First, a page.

Moving parts=lack of longevity. Have you looked into hammerheads for schooling? They aren't quite as sharp, but they'll last longer.

the square-ended ones? no, I haven't, but just from a quick look they seem short and would require more leg movement than with a longer one. I'm just going off what I've been using so far. I haven't really experimented with spurs on my horse, she's not a sensitive girl and the rowels seem to be doing the job (which aren't sharp, btw)

atr
Oct. 17, 2011, 11:00 PM
To me the difference between the balkenhols and all the others is the weight. The heaviness of the more expensive spur makes me much more aware of where they are and what I'm doing with them. Worth every penny...

NorCalDressage
Oct. 17, 2011, 11:34 PM
what do you mean by the "ultra fit feature"? Wouldn't the more expensive ones include that as well?

You're right - they both have them. I guess I was picturing the older Sprenger German Silver spur with the regular spur strap angles.

Now, most of their models have the ultra fit (or Balkenhol fastening)

alibi_18
Oct. 18, 2011, 08:11 AM
... because they are stainless steel, not Aurigan or German Silver. Which IME is better because the Aurigan can make discolorations on some lighter colored horses.

Aurigan causing discoloration? Never heard of that and ride with mine on grays, palominos and light chesnut and never saw that... Where did you got that information?

OP check on ebay, I got mine there for almost half the price. They were 'used', lightly as I could have put a tag back on and pretend they were new, and are my best ever pair of spurs. Its almost sad that my mare doesn't need them... :)

cadance
Oct. 18, 2011, 11:30 AM
ebay is my go-to for horsey things and have had great luck, but can't seem to find the spurs i want on there at the moment :(

alibi_18
Oct. 18, 2011, 11:33 AM
ebay is my go-to for horsey things and have had great luck, but can't seem to find the spurs i want on there at the moment :(

Arent those you are looking for ? :
http://www.ebay.com/itm/Herm-Sprenger-Spurs-539-/170700167225?pt=LH_DefaultDomain_0&hash=item27be85d839

atr
Oct. 18, 2011, 12:24 PM
Aurigan causing discoloration? Never heard of that and ride with mine on grays, palominos and light chesnut and never saw that... Where did you got that information?

OP check on ebay, I got mine there for almost half the price. They were 'used', lightly as I could have put a tag back on and pretend they were new, and are my best ever pair of spurs. Its almost sad that my mare doesn't need them... :)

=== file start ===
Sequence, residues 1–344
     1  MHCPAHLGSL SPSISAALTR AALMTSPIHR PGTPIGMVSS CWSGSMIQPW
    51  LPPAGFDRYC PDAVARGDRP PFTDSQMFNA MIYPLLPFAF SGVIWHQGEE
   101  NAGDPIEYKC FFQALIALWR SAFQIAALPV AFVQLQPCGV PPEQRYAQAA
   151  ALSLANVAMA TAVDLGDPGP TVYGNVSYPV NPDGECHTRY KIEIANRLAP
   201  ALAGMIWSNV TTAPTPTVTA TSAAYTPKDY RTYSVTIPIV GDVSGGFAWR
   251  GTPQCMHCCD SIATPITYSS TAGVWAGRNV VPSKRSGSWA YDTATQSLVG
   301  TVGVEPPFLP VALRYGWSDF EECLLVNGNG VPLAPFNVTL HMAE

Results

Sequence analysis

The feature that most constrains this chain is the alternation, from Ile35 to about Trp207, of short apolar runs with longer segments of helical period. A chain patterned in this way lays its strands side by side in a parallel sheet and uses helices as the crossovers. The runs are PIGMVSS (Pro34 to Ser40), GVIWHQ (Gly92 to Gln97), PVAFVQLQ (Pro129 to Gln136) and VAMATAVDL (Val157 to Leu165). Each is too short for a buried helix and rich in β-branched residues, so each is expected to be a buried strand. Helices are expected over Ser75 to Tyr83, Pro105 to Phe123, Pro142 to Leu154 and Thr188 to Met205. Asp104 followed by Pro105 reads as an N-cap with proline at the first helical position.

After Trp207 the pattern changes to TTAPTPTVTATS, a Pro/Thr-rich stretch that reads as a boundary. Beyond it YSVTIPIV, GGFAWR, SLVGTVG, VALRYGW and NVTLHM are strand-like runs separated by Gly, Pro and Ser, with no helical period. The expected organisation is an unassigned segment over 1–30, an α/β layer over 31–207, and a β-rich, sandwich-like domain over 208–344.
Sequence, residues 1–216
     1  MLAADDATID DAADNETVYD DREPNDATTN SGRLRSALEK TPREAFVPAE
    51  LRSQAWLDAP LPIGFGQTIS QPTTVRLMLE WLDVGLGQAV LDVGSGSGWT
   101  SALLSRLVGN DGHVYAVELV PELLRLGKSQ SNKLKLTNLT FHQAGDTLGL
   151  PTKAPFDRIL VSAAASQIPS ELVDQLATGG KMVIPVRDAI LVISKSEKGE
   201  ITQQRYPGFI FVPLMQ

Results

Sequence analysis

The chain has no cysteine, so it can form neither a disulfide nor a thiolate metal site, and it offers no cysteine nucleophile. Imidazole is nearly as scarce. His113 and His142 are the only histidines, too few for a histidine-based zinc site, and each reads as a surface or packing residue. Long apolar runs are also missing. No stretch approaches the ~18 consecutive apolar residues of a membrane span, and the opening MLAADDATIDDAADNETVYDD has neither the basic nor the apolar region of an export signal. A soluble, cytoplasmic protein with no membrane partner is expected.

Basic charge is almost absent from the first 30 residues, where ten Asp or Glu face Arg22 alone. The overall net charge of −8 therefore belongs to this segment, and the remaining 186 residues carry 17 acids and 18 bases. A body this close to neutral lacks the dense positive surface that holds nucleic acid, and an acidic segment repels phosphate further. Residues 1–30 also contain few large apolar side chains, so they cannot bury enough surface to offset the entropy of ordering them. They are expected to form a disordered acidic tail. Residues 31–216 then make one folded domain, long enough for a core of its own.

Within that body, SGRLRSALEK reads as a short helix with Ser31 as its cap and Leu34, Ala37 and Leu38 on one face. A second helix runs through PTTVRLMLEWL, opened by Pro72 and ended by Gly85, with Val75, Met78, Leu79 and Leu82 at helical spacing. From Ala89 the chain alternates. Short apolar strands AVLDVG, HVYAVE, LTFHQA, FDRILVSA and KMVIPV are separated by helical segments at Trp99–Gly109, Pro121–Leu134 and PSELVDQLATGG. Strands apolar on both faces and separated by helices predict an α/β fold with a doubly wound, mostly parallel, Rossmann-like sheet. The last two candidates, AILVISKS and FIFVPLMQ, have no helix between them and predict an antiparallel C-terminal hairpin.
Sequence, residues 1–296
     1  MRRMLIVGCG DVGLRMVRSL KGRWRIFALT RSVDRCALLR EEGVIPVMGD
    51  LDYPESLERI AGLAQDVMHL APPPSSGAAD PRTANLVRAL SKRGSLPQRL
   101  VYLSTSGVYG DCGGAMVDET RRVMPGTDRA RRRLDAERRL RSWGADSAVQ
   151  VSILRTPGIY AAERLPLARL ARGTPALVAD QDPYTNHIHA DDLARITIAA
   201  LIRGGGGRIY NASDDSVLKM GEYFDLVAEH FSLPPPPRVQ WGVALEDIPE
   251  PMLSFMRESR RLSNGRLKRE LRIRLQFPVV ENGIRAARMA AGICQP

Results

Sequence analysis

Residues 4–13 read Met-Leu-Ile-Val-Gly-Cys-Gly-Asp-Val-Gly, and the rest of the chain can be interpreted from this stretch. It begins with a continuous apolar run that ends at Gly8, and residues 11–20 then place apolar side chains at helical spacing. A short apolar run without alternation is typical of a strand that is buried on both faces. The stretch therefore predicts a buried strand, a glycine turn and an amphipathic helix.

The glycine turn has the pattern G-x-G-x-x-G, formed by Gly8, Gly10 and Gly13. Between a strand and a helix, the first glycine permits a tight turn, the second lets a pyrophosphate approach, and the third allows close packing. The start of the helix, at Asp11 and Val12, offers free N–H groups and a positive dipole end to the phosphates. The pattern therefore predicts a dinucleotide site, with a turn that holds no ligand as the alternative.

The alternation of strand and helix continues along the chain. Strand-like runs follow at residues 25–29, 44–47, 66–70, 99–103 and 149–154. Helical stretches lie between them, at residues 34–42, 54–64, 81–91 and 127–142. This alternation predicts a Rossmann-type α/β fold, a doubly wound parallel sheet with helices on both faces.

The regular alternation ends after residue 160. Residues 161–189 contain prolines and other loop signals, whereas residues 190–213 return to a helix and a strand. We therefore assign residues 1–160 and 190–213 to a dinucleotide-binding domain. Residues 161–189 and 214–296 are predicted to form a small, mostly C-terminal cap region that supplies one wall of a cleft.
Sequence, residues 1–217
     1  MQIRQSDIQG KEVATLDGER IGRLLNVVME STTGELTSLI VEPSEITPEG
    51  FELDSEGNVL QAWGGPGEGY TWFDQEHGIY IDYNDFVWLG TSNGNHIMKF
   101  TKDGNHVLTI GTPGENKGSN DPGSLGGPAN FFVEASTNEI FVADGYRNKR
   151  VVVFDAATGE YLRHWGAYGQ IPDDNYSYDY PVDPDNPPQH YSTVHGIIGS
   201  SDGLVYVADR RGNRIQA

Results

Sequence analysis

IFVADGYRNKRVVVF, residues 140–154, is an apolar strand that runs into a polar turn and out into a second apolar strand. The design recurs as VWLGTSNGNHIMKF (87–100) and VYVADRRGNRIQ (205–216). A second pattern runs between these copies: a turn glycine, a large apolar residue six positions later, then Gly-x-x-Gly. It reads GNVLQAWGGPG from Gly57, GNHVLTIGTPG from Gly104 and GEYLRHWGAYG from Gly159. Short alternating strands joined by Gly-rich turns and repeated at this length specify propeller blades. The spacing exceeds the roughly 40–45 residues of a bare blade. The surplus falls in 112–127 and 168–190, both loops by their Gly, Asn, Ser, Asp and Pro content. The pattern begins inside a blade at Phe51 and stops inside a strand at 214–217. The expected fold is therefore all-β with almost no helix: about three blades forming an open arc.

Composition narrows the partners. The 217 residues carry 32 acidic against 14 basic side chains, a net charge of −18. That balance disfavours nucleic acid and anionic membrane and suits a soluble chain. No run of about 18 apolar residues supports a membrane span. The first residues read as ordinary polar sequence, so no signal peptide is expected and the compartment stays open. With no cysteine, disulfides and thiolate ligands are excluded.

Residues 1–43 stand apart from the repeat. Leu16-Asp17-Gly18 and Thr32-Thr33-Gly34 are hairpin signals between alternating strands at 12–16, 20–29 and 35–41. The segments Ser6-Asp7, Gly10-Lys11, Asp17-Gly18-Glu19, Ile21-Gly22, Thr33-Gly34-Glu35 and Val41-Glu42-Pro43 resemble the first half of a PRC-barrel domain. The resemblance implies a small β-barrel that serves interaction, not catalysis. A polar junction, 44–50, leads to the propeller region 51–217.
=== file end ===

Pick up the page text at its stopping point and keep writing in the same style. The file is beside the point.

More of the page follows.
I've had this happen with the my Balkenhols on my white horse--and no, I don't have a noisy leg. He has a big barrel and the insides of my ankles lie against him unless I stick my feet out... I think it's like me wearing silver--it reacts with the acid in my skin and makes it go black... lovely!

I painted my spurs with a couple of coats of clear nail varnish, no problem since then, and you can't tell.

mjhco
Oct. 18, 2011, 12:30 PM
For those who think smooth rowels are harsher than POW or hammerheads, take a smooth rowel spur and run it over the back of your hand (assuming smooth rowel is rotating smoothly).

Then with the same pressure push the hammerhead over the back of your hand.

And then the POW across the back of your hand.

See which feels better.

My very sensitive horse much prefers the smooth rowels that just roll across his skin to the POKE of a POW. And just FORGET the hammerhead.

cadance
Oct. 18, 2011, 07:48 PM
Arent those you are looking for ? :
http://www.ebay.com/itm/Herm-Sprenger-Spurs-539-/170700167225?pt=LH_DefaultDomain_0&hash=item27be85d839

nope, looking for smooth rowels...and $120 is more than any advertised price for new ones :/

cadance
Oct. 18, 2011, 07:49 PM
For those who think smooth rowels are harsher than POW or hammerheads, take a smooth rowel spur and run it over the back of your hand (assuming smooth rowel is rotating smoothly).

agreed, i think a lot of people have the misconception that the rowel is sharpened and acts like a pizza cutter. definitely not the case!

Equibrit
Oct. 18, 2011, 08:00 PM
I like these; http://www.horsehealth.co.uk/rider-equipment/easyspur
Check out the wheel end.

NorCalDressage
Oct. 18, 2011, 10:26 PM
I've had this happen with the my Balkenhols on my white horse--and no, I don't have a noisy leg. He has a big barrel and the insides of my ankles lie against him unless I stick my feet out... I think it's like me wearing silver--it reacts with the acid in my skin and makes it go black... lovely!

I painted my spurs with a couple of coats of clear nail varnish, no problem since then, and you can't tell.

Yeah. Aurigan gets dull really easy. Just like the aurigan bits, they will get discoloration. No matter how meticulous I was with getting all of the metal polish buffed off, lighter colored horses would get darkened spots. Just one of the reasons I prefer the stainless steel ones now. The upkeep is zero.

inspired
Oct. 19, 2011, 09:17 AM
I like the round/knobby ones myself. I haven't had a horse that didn't hear them yet, and they come in different lengths for whatever fits the horse/rider.

I have had a pair of stainless spurs break on me, but I think that if you pay attention to the condition of your equipment in general, that sort of thing is less likely to happen.

I have german silver rowels. The sit in the bottom of my blanket box.

Agree about that angled strap attachment. That does make a difference!!

cadance
Oct. 19, 2011, 09:54 PM
welp, just ordered a pair of the german silver 35mm smooth rowels, too many good reasons. thanks for all the advice!

Sacred_Petra
Oct. 19, 2011, 10:02 PM
I too prefer rowels over knobs. Out of curiosity I poked myself with both my english and western spurs. Using the same amount of force (I poked myself pretty hard), I thought my POWs caused a more unpleasant sensation than even my most severe western spurs.

Just my two cents. Good luck finding the spurs you and your horse prefer.